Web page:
Berlin Murder Probe Triggers German-Russian Diplomatic Row

Patrick Donahue and Arne Delfs

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German Chancellor Angela Merkel’s government expelled two Russian embassy staff in response to what it says is a lack of cooperation by Moscow in the investigation of a contract killing of a Georgian man in a Berlin city park.

The Foreign Ministry’s decision came after Germany’s federal prosecutor said earlier on Wednesday that there are sufficient indications that the ethnic Chechen victim was killed either on the order of an agency of the Russian federation or of the Chechen republic.

“We haven’t seen that Russia has offered support in the investigation of this murder,” Merkel told reporters after a NATO summit in Watford, England. The German leader said she discussed the matter with allies at the meeting.

The case could complicate Merkel’s delicate relationship with Russian President Vladimir Putin. She said she’ll discuss the matter with Putin in Paris on Dec. 9, when they’ll meet along with Ukrainian President Volodymyr Zelenskiy and France’s Emmanuel Macron, to seek a path to peace in eastern Ukraine.

Those efforts may now be overshadowed by the fresh tensions.

“We consider the statements from the Germans about the expulsion of two employees of the Russian embassy in Berlin to be groundless and unfriendly,” the Russian Foreign Ministry said, according to RIA Novosti. “We won’t accept a politicized approach to the investigation. We are forced to carry out retaliatory measures.”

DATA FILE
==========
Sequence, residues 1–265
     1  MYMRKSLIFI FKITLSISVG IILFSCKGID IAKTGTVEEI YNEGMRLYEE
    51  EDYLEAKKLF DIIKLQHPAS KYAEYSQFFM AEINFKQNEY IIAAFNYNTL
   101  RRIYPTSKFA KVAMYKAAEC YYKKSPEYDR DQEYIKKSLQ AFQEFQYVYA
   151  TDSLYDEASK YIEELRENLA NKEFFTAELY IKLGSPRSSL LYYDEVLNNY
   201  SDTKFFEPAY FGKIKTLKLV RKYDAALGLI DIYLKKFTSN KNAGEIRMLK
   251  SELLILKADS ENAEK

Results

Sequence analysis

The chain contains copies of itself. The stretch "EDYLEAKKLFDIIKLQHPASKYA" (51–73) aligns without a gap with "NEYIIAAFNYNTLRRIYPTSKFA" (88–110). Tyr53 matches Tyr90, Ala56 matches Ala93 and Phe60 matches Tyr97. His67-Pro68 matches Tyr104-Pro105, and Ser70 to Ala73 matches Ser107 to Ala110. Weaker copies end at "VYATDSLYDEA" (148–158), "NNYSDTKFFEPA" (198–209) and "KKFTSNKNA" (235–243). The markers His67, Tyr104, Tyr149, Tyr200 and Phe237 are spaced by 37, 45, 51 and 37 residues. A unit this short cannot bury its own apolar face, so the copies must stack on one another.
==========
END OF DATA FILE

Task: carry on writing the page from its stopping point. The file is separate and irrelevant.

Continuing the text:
The brazen hit-job in Berlin took place in broad daylight on Aug. 23, a short walk from Merkel’s office. The victim, who has several aliases and is thought to have fought against the Russian army in Chechnya, was gunned down by an assailant who approached him from behind on a bicycle in a public park in the capital.

The suspected gunman, a Russian citizen, was apprehended soon after and has refused to talk to investigators. Germany’s federal prosecutor says he was taken off a Russian wanted list in 2014 for murder and later reappeared with a new passport. They also said he was employed by a company with links to the Russian Defense Ministry.

The murder has echoes of the poisoning of a former Russian spy, Sergei Skripal, on British soil in March 2018, a case that triggered a fallout in U.K.-Russian relations. The U.K. and its allies blamed Russian military intelligence for the attempted murder, while Russia denied responsibility. At the time, the U.S., NATO and 25 allies including Germany and France expelled nearly 130 Russian diplomats in support of the U.K., which kicked out 23 Kremlin envoys.

(Adds Merkel comments in third paragraph.)

--With assistance from Iain Rogers.

To contact the reporters on this story: Patrick Donahue in Watford, England at;Arne Delfs in Berlin at

To contact the editors responsible for this story: Ben Sills at, Raymond Colitt, Chris Reiter

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